Type Introspection

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Type introspection [1] is the ability determine the type of an object at runtime. This page describes ways this can be supported in Lua.

First, why do we need type introspection? It may be that you don't even need to use type introspection at all. Duck typing [2] and [polymorphism] can dispatch based on type without programmer intervention. There are reasons you may still want to inspect type, such as for debugging purposes [3] or type checking (LuaTypeChecking). You may also want to dispatch code in a particular custom way, such as how [string.gsub] behaves differently depending on whether repl is a string, table, or function. Unfortunately, the lines are sometimes blurred, such as FuncTables, which are tables with a call operator allowing them to behave like functions. Also, maybe you want to define a function that loads data from either a string or a file specified by filename, but both are strings, so you need some other way to distinguish them (e.g. two separate functions like [loadstring] and [loadfile]).

The [type] function returns the basic type of value as a string. There are only eight basic types in Lua ("nil", "number", "string", "boolean", "table", "function", "thread", or "userdata").

The [lua_type] function in the C API is similar to type but returns an integer constant. It also differentiates between the two types of userdata: LUA_TUSERDATA and LUA_TLIGHTUSERDATA (see LightUserData). There is also a lua_typename function that converts this integer back to a string in the form returned by type.

The [io.type] function determines whether the given object is a file handle (as well as whether it is open or closed). A number of user libraries follow a similar pattern by providing their own function that checks whether the given object is of a type defined by the library, either returning true/false or a class name string. This function is implemented using methods described below. This style can, however, go against duck typing and can prevent (LuaVirtualization).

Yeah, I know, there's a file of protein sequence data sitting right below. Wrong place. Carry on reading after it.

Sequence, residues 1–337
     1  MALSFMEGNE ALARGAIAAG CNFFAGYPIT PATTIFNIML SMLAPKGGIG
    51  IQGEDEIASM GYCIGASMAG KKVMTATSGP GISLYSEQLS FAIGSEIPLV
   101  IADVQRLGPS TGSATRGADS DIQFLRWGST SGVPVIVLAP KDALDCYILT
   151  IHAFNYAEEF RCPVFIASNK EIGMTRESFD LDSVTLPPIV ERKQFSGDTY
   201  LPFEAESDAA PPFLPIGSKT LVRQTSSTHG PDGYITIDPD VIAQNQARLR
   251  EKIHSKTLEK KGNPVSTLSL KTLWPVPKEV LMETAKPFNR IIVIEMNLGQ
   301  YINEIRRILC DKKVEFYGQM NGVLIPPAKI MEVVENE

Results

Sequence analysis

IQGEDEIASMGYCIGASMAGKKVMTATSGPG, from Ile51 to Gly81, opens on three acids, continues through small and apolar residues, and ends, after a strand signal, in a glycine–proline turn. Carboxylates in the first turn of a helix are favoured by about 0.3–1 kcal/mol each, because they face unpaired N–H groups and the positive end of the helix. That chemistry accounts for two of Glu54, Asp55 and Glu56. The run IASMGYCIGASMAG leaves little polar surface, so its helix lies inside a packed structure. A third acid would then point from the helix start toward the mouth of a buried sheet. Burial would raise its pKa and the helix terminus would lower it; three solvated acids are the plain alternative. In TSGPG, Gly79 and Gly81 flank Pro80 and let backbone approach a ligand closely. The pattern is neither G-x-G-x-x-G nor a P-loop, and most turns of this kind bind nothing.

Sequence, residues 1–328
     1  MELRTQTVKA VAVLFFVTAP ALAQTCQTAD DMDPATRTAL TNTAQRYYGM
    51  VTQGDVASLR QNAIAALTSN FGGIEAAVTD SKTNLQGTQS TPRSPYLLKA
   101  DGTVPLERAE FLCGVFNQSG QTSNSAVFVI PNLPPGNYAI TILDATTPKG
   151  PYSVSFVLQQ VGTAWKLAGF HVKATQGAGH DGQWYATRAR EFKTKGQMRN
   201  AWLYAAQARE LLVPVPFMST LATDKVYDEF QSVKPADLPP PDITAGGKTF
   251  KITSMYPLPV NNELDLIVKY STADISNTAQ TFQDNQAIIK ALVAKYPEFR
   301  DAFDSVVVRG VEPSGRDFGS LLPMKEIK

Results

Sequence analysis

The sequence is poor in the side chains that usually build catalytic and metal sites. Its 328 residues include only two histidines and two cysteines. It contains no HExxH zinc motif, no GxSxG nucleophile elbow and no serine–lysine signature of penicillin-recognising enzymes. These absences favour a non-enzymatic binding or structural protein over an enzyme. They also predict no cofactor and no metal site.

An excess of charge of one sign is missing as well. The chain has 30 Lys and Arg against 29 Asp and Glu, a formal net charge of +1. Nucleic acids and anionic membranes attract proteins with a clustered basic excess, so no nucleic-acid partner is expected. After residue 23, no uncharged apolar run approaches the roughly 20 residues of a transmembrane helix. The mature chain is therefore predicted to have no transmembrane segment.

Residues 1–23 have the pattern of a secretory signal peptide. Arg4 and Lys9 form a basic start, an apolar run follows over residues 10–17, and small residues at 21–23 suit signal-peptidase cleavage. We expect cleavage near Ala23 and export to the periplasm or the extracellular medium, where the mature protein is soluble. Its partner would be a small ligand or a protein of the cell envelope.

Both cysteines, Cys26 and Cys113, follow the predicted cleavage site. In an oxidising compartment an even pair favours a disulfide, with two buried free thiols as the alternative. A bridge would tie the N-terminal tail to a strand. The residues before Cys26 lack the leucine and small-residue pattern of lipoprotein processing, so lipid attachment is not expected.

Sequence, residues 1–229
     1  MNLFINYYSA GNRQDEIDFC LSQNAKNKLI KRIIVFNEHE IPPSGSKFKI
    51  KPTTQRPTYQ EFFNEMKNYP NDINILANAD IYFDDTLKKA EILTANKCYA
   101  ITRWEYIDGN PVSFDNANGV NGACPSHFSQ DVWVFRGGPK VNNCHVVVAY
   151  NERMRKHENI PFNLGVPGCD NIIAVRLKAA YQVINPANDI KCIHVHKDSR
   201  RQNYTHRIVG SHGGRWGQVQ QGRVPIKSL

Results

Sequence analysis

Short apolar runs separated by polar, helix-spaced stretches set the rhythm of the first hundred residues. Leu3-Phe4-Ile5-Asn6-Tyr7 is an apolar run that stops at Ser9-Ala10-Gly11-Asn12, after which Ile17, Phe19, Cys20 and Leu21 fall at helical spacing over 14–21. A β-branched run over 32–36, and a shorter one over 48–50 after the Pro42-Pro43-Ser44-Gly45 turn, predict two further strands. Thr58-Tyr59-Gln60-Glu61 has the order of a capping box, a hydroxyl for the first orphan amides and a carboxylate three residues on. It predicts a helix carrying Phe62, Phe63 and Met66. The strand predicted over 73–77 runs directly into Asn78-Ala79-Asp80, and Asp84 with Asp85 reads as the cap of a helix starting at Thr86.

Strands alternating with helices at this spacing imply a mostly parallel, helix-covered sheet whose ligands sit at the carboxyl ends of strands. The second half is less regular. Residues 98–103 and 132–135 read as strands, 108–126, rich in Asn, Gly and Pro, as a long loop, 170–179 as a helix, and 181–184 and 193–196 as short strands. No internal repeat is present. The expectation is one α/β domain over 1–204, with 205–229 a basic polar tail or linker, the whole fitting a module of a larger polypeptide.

The equality operator, or more precisely the [rawequal] function can check if two values have the same identity (and by implication are the same objects since objects have unique identity). If all objects in a class are stored as keys in a table, then you check for identity by indexing the table (preferably weak keyed table, although prior to Lua 5.2 that has a caveat--GarbageCollectingWeakTables):

local isfoo_ = setmetatable({}, {__mode='k'})

function newfoo()
  local self = {}
  isfoo_[self] = true
  return self

function isfoo(o)
  return isfoo_[o]

If all objects in a class, and only those objects, have a certain metatable (or value returned by a __metatable metamethod), then you can check that metatable:

local foo_mt = {}

function newfoo()
  local self = setmetatable({}, foo_mt)
  return self

function isfoo(o)
  return getmetatable(o) == foo_mt

To obtain the name of a user-defined type as a string, you might first obtain the type of the object and then obtain the name from the type. You might do to this via tostring on the type, but some consider tostring only for debugging. Or you might store a _NAME field in the type or even in the object itself [9][4] (TypeOf). The reason for this choice of field name is that a module's _NAME field is set by the [module] function, and a module is often used as a type, and even those not using the module function (LuaModuleFunctionCritiqued) may still follow the convention of using _NAME. Unfortunately, indexing an object might raise an error rather than return nil (duck typing can also have this problem).

Some have modified the type function to support user-defined types, possibly by querying a __type metamethod [5][6]. This may break existing code that expects only basic types returned or add some overhead globally. You could, however, swap in a custom type function locally: local type = mytype . Others have made user-defined types (or subtypes) be returned only as a second return value of type [7][8].

Some object-oriented frameworks (ObjectOrientedProgramming) implement their own introspection capabilities, but these may not be compatible with objects not created with that framework.

Not all these type introspection methods are fool-proof against intentional abuse (see SandBoxes). An object's identity, however, cannot be forged in normal Lua usage. Also, by restricting access to the debug library and providing a __metatable metamethod, can can prevent public access to an object's metatable, as well as public knowledge of the metatable's identity. These can hinder abuse from untrusted code.


Note: for a relatively simple function that will allow you to print diverse objects without Lua crashing, see IntrospectionFunctionsLua.

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Last edited April 6, 2013 4:51 pm GMT (diff)